Answered By: Monique Ritchie
Last Updated: 16 Mar, 2022     Views: 8093

Open access publishing fees can amount to up to £4000 for a single article, therefore attracting the attention of those who wish to exploit authors and institutions. Yet, it's sometimes hard to distinguish between a genuine journal or publisher and a 'predatory' one. Some appear to be genuine, while new publishers or journals wcan appear to be predatory.  

There have been a number of guides to help authors assess a publisher or journal's status, such as Beall's list (no longer maintained), but there is no single reliable or comprehensive source of information.

The Think Check Submit campaign was developed by publishers and information professional bodies to help researchers identify trusted publishing sources.



You should take steps to verify the credentials of a prospective journal and publisher before submitting your manuscript. The Think Check Submit guidance - see in particular the Checklist - will help you independently assess whether a journal operates according to robust scholarly practice.

Some 'predatory' journals and publishers are known to employ aggressive tactics when soliciting material for publication, often targeting early career researchers and doctoral researchers by offering to 'publish' dissertations or theses for free, but do not offer genuine publishing services or peer review to academic standards.

Others may emulate existing publishing models, by charging authors and institutions for open access publication and appear to be genuine by choosing very similar titles to established journals, populated with freely available open access articles in their titles.

If you have concerns about whether a journal or publisher is genuine or is right for you, please contact Open Access for advice. 

Resources to help you assess whether a journal is genuine

Genuine journals should have a named editor and editorial board, with full and traceable contact details, be peer-reviewed, and publish information on charges, procedures, copyright and licences openly on their website. For other resources which can help you check whether a publisher is genuine, see the list and links below.

  • Directory of Open Access Journals (DOAJ) - list of verified open access journals which meet the DOAJ's criteria.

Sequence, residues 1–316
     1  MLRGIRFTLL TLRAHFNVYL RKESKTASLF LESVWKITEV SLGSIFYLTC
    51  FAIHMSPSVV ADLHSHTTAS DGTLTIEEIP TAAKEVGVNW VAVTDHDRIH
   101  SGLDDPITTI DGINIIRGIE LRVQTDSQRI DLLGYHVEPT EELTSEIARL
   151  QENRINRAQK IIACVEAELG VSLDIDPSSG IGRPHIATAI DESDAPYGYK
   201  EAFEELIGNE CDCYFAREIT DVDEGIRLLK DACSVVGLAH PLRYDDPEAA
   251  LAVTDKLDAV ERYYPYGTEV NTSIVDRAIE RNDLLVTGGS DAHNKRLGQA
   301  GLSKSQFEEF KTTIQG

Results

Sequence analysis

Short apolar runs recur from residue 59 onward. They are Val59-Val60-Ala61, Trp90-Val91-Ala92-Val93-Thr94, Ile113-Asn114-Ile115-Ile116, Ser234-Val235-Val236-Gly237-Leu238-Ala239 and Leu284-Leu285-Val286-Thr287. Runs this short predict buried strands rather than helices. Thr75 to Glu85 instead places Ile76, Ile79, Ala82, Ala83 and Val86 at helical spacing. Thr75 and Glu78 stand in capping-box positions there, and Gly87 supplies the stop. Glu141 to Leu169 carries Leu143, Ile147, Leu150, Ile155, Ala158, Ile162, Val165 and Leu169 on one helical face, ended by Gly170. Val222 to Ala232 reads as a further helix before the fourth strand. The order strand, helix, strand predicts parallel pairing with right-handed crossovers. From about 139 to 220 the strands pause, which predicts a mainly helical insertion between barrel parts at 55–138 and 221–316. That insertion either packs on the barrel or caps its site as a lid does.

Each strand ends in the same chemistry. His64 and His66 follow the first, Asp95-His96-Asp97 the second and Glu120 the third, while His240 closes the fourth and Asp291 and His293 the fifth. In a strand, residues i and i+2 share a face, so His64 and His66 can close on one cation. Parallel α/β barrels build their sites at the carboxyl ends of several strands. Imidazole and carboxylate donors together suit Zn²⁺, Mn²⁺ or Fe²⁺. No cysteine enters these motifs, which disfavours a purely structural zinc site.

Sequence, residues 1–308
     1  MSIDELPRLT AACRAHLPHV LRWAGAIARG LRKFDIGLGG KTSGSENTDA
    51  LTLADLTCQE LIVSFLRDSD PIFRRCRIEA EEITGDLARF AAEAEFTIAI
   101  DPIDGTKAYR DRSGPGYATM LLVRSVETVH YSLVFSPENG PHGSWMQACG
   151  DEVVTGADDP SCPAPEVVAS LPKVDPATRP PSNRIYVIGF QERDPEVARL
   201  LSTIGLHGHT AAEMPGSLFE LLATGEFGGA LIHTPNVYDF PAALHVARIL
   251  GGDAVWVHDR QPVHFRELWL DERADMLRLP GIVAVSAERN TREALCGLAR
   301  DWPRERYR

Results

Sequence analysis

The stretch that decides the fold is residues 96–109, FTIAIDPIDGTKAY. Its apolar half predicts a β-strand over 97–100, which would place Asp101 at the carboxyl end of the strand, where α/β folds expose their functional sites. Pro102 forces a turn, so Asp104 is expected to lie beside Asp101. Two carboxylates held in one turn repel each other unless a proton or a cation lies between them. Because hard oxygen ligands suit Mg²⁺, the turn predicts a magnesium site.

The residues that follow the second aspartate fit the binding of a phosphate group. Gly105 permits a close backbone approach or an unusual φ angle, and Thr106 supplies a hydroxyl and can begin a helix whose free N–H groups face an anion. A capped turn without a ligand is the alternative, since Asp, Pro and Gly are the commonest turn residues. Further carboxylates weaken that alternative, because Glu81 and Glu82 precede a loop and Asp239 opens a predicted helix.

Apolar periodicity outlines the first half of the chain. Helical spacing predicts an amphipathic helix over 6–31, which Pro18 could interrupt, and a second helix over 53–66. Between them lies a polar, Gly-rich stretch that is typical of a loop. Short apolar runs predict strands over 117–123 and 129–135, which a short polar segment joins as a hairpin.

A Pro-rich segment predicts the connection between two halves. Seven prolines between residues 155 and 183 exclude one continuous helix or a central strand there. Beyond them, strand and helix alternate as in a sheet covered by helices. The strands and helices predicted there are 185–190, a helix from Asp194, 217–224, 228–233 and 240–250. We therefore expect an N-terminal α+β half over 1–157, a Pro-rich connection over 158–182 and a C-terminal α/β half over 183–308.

• Clarivate Journal Citation Reports (JCR) - research metrics such as the Impact Factor (IF) are not used to assess research at the University, as these are flawed, but these are generated over time, and can help you judge whether a journal has been established for some time. However, they should only be used alongside other qualitative checks. It is easy for a predatory journal to generate a high IF simply by republishing already published research. For access, go to the Library databases web page.

Resources to help you assess whether a publisher is genuine

A genuine publisher is generally expected to follow basic publishing good practice standards and may belong to one or more of the following:

  • Are they a member of the Committee on Publication Ethics (COPE)? Members are expected to follow a code of conduct for journal editors and are provided with access to publications ethics training. Search by member (Editor-in-Chief) or by publisher to view a list of journals.

  • Are they a member of the International Association of STM (Scientific, Technical and Medical) Publishers? Members publish over 60% of all journal articles and are expected to follow high professional and ethical standards.

  • If they are an open access publisher, are they a member of the Open Access Scholarly Publishers Association (OASPA)? Members are bound by a code of conduct and membership criteria based on standard publishing practices and transparency.

Download our guide 'Choosing a genuine journal publisher', linked below.